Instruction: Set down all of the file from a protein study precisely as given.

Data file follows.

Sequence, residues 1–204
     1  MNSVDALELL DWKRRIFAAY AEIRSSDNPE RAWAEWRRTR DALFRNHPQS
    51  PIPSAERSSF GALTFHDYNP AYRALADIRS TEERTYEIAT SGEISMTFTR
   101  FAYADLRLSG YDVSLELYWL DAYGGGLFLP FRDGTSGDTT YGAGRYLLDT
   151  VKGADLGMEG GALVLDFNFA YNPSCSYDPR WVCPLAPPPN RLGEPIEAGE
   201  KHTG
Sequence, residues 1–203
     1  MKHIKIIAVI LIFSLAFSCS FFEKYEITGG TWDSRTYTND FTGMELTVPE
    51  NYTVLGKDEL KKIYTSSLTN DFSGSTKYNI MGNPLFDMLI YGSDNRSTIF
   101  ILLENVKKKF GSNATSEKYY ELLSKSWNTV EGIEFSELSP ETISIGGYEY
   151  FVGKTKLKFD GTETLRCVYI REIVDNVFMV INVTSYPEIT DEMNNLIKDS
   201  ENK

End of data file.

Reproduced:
Sequence, residues 1–204
     1  MNSVDALELL DWKRRIFAAY AEIRSSDNPE RAWAEWRRTR DALFRNHPQS
    51  PIPSAERSSF GALTFHDYNP AYRALADIRS TEERTYEIAT SGEISMTFTR
   101  FAYADLRLSG YDVSLELYWL DAYGGGLFLP FRDGTSGDTT YGAGRYLLDT
   151  VKGADLGMEG GALVLDFNFA YNPSCSYDPR WVCPLAPPPN RLGEPIEAGE
   201  KHTG
Sequence, residues 1–203
     1  MKHIKIIAVI LIFSLAFSCS FFEKYEITGG TWDSRTYTND FTGMELTVPE
    51  NYTVLGKDEL KKIYTSSLTN DFSGSTKYNI MGNPLFDMLI YGSDNRSTIF
   101  ILLENVKKKF GSNATSEKYY ELLSKSWNTV EGIEFSELSP ETISIGGYEY
   151  FVGKTKLKFD GTETLRCVYI REIVDNVFMV INVTSYPEIT DEMNNLIKDS
   201  ENK